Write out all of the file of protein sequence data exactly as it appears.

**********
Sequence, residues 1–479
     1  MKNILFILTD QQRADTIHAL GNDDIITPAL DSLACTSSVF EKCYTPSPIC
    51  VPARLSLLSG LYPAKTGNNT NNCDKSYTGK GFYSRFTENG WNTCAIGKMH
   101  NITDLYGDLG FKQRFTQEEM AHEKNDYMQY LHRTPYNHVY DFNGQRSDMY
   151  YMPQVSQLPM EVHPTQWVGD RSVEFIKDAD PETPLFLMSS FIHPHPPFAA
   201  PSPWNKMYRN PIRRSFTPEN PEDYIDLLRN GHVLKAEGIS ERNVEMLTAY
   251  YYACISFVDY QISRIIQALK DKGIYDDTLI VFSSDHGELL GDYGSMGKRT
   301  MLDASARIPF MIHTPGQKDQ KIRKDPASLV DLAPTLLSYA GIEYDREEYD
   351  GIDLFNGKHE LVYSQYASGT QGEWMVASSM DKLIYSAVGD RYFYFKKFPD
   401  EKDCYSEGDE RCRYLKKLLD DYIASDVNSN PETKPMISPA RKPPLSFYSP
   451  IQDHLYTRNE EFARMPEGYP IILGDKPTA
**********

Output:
Sequence, residues 1–479
     1  MKNILFILTD QQRADTIHAL GNDDIITPAL DSLACTSSVF EKCYTPSPIC
    51  VPARLSLLSG LYPAKTGNNT NNCDKSYTGK GFYSRFTENG WNTCAIGKMH
   101  NITDLYGDLG FKQRFTQEEM AHEKNDYMQY LHRTPYNHVY DFNGQRSDMY
   151  YMPQVSQLPM EVHPTQWVGD RSVEFIKDAD PETPLFLMSS FIHPHPPFAA
   201  PSPWNKMYRN PIRRSFTPEN PEDYIDLLRN GHVLKAEGIS ERNVEMLTAY
   251  YYACISFVDY QISRIIQALK DKGIYDDTLI VFSSDHGELL GDYGSMGKRT
   301  MLDASARIPF MIHTPGQKDQ KIRKDPASLV DLAPTLLSYA GIEYDREEYD
   351  GIDLFNGKHE LVYSQYASGT QGEWMVASSM DKLIYSAVGD RYFYFKKFPD
   401  EKDCYSEGDE RCRYLKKLLD DYIASDVNSN PETKPMISPA RKPPLSFYSP
   451  IQDHLYTRNE EFARMPEGYP IILGDKPTA